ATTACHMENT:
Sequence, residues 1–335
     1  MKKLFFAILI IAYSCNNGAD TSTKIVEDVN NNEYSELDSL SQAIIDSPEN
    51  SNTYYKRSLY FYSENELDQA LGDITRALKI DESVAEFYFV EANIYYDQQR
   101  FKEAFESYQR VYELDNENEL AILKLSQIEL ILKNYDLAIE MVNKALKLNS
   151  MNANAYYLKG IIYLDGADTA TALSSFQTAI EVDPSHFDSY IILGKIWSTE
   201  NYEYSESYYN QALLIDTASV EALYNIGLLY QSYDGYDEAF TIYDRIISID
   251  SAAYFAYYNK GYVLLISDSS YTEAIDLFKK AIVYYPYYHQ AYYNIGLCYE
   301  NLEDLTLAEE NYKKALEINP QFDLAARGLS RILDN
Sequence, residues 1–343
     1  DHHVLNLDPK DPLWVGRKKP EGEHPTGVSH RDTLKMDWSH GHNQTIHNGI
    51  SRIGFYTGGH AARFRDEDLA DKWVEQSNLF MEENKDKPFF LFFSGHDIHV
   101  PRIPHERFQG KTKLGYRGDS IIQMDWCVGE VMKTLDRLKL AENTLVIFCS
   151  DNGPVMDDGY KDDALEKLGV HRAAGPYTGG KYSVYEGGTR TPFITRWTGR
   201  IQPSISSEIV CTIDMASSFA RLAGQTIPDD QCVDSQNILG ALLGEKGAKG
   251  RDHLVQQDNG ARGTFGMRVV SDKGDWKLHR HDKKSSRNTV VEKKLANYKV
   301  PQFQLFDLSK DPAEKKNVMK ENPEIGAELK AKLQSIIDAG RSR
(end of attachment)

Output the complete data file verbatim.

Sequence, residues 1–335
     1  MKKLFFAILI IAYSCNNGAD TSTKIVEDVN NNEYSELDSL SQAIIDSPEN
    51  SNTYYKRSLY FYSENELDQA LGDITRALKI DESVAEFYFV EANIYYDQQR
   101  FKEAFESYQR VYELDNENEL AILKLSQIEL ILKNYDLAIE MVNKALKLNS
   151  MNANAYYLKG IIYLDGADTA TALSSFQTAI EVDPSHFDSY IILGKIWSTE
   201  NYEYSESYYN QALLIDTASV EALYNIGLLY QSYDGYDEAF TIYDRIISID
   251  SAAYFAYYNK GYVLLISDSS YTEAIDLFKK AIVYYPYYHQ AYYNIGLCYE
   301  NLEDLTLAEE NYKKALEINP QFDLAARGLS RILDN
Sequence, residues 1–343
     1  DHHVLNLDPK DPLWVGRKKP EGEHPTGVSH RDTLKMDWSH GHNQTIHNGI
    51  SRIGFYTGGH AARFRDEDLA DKWVEQSNLF MEENKDKPFF LFFSGHDIHV
   101  PRIPHERFQG KTKLGYRGDS IIQMDWCVGE VMKTLDRLKL AENTLVIFCS
   151  DNGPVMDDGY KDDALEKLGV HRAAGPYTGG KYSVYEGGTR TPFITRWTGR
   201  IQPSISSEIV CTIDMASSFA RLAGQTIPDD QCVDSQNILG ALLGEKGAKG
   251  RDHLVQQDNG ARGTFGMRVV SDKGDWKLHR HDKKSSRNTV VEKKLANYKV
   301  PQFQLFDLSK DPAEKKNVMK ENPEIGAELK AKLQSIIDAG RSR